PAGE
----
11:12pm Thursday 23rd January 2014
By Stephen Turvil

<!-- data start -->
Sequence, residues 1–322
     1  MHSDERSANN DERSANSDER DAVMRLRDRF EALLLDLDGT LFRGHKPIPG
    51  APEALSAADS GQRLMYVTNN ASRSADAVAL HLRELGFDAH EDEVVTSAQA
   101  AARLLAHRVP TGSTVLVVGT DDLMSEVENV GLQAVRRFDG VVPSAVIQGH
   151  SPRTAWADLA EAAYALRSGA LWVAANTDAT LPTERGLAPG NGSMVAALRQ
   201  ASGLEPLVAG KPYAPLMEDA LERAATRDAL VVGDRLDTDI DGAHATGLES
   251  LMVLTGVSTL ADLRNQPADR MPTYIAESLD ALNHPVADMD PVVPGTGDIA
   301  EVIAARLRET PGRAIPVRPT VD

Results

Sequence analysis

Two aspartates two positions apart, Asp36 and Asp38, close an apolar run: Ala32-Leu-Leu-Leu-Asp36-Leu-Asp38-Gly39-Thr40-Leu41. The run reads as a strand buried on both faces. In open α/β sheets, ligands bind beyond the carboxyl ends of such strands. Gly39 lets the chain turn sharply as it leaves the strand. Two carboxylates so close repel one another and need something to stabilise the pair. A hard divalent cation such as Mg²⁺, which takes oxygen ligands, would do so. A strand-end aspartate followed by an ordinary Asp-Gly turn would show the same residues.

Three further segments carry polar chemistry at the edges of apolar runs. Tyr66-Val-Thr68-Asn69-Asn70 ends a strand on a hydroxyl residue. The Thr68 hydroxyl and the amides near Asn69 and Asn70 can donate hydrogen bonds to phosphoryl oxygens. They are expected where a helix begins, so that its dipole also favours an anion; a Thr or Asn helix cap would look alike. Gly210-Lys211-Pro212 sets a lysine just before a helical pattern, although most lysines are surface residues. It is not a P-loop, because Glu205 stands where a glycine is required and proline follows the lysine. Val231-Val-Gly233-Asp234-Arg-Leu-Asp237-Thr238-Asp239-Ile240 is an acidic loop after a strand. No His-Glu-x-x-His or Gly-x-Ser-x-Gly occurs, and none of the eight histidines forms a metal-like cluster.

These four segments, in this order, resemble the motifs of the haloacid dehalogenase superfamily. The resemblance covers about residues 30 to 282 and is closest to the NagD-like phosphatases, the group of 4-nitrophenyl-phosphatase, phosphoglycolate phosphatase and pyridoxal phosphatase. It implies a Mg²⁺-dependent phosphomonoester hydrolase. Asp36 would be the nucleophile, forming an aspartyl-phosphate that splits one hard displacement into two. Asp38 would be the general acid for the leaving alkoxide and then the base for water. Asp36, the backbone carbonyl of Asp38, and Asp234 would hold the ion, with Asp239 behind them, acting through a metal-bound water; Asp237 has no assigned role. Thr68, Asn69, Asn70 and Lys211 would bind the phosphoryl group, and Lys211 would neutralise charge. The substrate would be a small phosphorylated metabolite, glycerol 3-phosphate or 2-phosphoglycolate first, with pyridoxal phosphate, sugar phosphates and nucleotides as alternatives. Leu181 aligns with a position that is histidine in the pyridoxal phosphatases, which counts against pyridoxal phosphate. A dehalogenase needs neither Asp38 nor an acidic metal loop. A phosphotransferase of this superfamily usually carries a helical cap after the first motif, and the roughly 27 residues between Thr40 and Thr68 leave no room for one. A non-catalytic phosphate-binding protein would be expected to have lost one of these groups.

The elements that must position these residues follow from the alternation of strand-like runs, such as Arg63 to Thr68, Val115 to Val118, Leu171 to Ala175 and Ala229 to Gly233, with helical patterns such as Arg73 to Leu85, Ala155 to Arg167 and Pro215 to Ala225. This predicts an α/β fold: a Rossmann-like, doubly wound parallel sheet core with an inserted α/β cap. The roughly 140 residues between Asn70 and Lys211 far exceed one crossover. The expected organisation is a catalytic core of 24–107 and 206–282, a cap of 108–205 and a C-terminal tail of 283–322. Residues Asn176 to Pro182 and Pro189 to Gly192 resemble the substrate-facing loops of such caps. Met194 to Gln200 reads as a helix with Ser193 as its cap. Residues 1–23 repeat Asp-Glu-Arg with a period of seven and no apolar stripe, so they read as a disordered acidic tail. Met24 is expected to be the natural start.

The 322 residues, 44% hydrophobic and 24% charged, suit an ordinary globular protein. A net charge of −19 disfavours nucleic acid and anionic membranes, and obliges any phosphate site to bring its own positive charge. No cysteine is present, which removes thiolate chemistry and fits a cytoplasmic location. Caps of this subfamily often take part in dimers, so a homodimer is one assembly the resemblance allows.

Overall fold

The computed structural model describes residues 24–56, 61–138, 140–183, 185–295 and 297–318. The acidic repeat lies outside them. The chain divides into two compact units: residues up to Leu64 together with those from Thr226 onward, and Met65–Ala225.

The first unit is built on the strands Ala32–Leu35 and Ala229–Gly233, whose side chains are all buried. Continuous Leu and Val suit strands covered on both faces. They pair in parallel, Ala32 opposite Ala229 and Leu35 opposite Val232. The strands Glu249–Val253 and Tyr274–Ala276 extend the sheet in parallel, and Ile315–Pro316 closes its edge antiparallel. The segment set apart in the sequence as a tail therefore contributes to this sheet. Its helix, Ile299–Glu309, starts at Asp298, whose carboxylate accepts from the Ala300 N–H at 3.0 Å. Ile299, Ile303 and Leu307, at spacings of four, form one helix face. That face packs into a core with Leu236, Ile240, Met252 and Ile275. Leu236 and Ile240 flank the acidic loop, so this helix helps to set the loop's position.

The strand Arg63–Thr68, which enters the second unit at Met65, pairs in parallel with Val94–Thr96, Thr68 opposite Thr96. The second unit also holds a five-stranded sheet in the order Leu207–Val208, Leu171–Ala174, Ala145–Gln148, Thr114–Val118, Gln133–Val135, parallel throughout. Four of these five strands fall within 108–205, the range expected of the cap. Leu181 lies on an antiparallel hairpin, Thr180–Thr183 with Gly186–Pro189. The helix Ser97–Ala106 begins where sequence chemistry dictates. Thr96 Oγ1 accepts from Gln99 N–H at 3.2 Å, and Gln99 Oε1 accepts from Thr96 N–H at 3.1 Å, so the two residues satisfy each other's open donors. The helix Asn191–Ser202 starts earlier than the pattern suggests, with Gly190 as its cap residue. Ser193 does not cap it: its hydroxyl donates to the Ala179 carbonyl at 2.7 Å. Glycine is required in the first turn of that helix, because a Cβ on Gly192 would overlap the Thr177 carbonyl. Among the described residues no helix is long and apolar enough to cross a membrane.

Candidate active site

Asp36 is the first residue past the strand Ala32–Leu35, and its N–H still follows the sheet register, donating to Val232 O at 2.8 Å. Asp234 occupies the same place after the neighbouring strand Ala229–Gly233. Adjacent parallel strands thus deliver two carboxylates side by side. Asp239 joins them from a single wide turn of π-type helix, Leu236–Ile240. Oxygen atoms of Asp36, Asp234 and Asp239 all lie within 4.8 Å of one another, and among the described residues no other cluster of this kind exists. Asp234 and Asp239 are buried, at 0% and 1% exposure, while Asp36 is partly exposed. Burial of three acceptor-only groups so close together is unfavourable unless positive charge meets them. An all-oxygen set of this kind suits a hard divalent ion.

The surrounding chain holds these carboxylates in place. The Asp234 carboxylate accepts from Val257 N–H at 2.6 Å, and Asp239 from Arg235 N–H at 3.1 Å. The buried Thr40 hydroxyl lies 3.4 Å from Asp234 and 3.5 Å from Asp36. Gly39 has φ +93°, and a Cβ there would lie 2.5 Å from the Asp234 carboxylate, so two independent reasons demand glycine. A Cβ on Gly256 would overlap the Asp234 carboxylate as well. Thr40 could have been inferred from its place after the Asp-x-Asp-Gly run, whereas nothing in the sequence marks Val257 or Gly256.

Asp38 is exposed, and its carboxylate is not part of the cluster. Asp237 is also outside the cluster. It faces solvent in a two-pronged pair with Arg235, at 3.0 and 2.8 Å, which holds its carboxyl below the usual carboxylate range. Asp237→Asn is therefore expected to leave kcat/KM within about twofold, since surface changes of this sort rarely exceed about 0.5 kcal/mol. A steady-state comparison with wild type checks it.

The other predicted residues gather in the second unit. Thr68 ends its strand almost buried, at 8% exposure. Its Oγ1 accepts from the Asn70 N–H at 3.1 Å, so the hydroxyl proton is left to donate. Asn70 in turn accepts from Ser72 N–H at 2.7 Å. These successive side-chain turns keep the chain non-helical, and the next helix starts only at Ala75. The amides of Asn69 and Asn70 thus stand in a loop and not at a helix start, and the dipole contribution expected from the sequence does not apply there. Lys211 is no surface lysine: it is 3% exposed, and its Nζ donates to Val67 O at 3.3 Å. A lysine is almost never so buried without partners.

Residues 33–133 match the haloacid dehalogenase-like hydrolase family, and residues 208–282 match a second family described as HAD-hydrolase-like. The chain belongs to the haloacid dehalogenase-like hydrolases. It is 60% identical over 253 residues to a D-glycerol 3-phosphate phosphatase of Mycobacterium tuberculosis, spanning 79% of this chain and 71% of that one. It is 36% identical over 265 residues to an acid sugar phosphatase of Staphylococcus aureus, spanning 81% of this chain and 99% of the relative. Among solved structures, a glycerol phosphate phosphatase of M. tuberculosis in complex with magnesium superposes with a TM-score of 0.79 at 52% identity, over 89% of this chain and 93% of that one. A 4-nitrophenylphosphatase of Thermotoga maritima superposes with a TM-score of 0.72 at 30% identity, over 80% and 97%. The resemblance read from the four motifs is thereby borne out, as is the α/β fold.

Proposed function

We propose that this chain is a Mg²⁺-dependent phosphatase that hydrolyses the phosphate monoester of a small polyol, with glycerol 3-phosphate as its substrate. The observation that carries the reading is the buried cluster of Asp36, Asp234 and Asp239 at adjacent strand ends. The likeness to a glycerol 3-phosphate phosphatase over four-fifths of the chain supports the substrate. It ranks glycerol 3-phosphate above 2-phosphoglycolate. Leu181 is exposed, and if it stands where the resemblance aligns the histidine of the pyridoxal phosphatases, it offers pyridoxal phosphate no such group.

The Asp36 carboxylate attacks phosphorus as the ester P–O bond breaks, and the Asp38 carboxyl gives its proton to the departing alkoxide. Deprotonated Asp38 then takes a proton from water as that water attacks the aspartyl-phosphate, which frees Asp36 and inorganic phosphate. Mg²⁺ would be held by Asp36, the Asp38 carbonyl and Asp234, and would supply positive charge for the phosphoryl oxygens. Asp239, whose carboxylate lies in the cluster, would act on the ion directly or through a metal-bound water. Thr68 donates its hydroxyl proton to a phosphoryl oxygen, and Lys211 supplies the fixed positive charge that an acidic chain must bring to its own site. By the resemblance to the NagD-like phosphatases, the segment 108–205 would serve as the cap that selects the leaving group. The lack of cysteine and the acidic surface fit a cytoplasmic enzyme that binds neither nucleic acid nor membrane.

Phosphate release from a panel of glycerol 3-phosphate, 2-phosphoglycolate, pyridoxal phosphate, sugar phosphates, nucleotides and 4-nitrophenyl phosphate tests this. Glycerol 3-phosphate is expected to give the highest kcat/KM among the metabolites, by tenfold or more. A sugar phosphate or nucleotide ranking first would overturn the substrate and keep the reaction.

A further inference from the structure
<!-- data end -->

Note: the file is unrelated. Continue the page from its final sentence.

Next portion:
How convenient. The Government has confirmed that the tax disc will be retired from October 1st 2014. But this is not the end of Vehicle Excise Duty - so motorists will continue to pay to keep their cars on the road. This initiative will come into effect for two reasons. Firstly, the disc is simply a receipt that can be checked by the police to ensure vehicles are taxed. But this paper trail is superfluous. Why? Because cars are monitored by a camera system that determines – via registration plates – whether tax has been paid. If not, a reasonable size fine is automatically issued. Furthermore, eradicating the paper disc should save about seven million pounds per-year in administration costs. The Government has also confirmed that for the first time drivers will be able to pay road tax by direct debit. Options will be annually, bi-annually or monthly. How convenient. However, those that pay by instalments will incur a five percent surcharge. How inconvenient. Motorists will also still be able to pay at a Post Office, online or by telephone. In other news, the government has revealed that the maximum price for a car MOT test will remain at £54.85 until 2015. That is convenient to.
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